Recovery from “Brain Death”: A Neurologist's Apologia

  title={Recovery from “Brain Death”: A Neurologist's Apologia},
  author={D. Alan Shewmon},
  journal={The Linacre Quarterly},
  pages={30 - 96}
  • D. Shewmon
  • Published 1 February 1997
  • Psychology
  • The Linacre Quarterly
Key Result...... . . ............... . ...... . . . ........ . . .. .... . . . .. ... .... . . ..... 31 Prologue ............ . .. .. . .. . . . . . . ... . ........ .. .............. . ... . ....... . ... 32 Setting the stage Mind-brain relationship . . .......................... . ...... .. ........... .. .... 34 Two basic neurological dogmas .. . . .. ... .. ....... .. ...... ..... .. ...... . ......

Tables from this paper

What Makes Killing for Organs Wrong? A Philosophical Defense of the ‘Dead Donor’ Rule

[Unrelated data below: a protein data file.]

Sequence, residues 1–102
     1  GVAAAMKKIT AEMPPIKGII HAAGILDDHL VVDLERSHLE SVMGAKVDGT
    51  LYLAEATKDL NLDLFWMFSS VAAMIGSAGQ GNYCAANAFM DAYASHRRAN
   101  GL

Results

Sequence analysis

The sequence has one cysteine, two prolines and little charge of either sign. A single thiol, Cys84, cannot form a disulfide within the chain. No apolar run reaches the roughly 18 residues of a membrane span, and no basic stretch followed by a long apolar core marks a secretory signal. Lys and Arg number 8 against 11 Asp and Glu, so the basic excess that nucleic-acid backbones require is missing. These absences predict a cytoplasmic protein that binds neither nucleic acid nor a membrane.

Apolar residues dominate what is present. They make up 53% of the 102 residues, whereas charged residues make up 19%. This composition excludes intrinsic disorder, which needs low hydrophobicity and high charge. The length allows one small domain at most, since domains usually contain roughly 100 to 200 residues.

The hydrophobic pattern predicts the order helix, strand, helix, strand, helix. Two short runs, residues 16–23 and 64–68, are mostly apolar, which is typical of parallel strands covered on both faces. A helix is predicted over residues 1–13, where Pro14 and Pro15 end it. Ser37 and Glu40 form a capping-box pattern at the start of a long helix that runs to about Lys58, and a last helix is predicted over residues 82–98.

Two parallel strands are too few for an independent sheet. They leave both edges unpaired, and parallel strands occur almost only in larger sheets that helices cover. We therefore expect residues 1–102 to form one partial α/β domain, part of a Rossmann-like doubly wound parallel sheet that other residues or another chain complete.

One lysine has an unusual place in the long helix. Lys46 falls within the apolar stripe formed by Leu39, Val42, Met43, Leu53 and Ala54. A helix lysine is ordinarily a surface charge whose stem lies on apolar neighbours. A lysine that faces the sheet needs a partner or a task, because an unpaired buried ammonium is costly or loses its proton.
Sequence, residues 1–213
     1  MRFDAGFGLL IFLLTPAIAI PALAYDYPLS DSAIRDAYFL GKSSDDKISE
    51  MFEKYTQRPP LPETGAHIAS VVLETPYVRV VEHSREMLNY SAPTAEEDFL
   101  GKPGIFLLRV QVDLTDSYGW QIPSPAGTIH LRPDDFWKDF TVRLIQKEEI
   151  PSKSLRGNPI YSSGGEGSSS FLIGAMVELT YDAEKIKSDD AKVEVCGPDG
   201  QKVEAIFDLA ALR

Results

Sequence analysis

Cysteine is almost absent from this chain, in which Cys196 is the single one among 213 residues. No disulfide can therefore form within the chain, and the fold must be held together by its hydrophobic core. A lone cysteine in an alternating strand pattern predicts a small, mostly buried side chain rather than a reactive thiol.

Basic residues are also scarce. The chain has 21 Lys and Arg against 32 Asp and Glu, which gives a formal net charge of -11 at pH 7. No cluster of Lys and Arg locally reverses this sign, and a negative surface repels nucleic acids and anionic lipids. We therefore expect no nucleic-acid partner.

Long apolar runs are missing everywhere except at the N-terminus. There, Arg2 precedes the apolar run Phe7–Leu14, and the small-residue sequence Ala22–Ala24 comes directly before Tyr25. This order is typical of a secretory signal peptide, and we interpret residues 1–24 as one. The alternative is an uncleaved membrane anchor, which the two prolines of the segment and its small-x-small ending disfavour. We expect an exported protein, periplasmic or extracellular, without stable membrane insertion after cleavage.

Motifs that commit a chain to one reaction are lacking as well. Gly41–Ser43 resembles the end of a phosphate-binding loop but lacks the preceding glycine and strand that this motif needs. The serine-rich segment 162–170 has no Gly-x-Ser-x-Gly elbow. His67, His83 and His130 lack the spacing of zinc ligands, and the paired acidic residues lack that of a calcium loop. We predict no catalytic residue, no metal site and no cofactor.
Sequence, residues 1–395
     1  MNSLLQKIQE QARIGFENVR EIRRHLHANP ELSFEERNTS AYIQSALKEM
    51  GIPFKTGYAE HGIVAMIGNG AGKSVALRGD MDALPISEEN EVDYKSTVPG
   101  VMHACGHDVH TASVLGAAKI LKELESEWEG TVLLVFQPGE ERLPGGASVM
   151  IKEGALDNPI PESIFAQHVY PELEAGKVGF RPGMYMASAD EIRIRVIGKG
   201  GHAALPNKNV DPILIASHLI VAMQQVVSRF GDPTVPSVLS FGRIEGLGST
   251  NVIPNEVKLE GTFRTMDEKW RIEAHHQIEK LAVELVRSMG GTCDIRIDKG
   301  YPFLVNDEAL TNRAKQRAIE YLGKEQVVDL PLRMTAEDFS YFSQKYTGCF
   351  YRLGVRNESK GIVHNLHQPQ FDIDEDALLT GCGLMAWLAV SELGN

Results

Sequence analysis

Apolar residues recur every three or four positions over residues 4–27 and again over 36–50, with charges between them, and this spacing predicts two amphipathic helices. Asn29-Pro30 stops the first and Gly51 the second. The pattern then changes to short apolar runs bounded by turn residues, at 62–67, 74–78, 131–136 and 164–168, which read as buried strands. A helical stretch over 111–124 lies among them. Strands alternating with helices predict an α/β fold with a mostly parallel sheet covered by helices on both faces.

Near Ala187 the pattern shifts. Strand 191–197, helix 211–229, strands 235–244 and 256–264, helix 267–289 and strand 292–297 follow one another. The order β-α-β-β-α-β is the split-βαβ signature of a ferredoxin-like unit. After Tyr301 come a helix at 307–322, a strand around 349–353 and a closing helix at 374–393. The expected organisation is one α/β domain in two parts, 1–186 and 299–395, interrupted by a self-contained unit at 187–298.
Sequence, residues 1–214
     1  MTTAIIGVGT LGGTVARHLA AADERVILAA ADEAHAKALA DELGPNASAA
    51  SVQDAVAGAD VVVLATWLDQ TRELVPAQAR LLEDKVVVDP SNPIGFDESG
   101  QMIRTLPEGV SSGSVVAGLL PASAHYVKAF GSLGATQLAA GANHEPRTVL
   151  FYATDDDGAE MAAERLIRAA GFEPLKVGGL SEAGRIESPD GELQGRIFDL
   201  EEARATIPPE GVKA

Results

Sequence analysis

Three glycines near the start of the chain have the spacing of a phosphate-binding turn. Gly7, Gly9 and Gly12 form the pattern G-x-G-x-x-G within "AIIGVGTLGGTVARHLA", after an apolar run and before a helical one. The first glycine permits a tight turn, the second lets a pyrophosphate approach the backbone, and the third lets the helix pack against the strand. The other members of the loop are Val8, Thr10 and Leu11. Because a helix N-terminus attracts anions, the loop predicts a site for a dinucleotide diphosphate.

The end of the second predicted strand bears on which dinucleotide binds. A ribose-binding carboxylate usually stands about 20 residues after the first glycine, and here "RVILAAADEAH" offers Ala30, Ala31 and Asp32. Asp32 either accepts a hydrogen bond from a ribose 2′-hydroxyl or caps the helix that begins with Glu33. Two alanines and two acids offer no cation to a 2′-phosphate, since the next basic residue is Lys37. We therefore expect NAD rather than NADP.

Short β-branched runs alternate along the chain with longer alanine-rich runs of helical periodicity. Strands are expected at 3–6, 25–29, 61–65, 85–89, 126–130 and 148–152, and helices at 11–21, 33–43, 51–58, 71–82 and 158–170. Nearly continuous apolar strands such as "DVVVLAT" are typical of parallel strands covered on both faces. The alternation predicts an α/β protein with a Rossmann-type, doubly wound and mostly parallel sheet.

The author reveals how the ‘dead-donor’ rule has changed the way that people think about death and Mortal Harvesting, and explains why it is important to think of it in this way.


The important task entrusted to this Conference by Popes Benedict XVI and his predecessor John Paul II has been clearly articulated by Bishop Chancellor Sánchez Sorondo: ‘The Academy is thus faced

Brain based criteria for death in the light of the Aristotelian-Scholastic anthropology

The neurological criteria of death are still lacking generally accepted scientific basis and should not be used in medicine and in the legal systems as a basis for diagnosing comatose/having no brainstem reflexes/apneic patients dead.

‘Brain death’: should it be reconsidered?

It is presented four arguments to support the view that patients who meet the current operational criteria of ‘brain death’ do not necessarily have the irreversible loss of all brain (or brainstem) functions.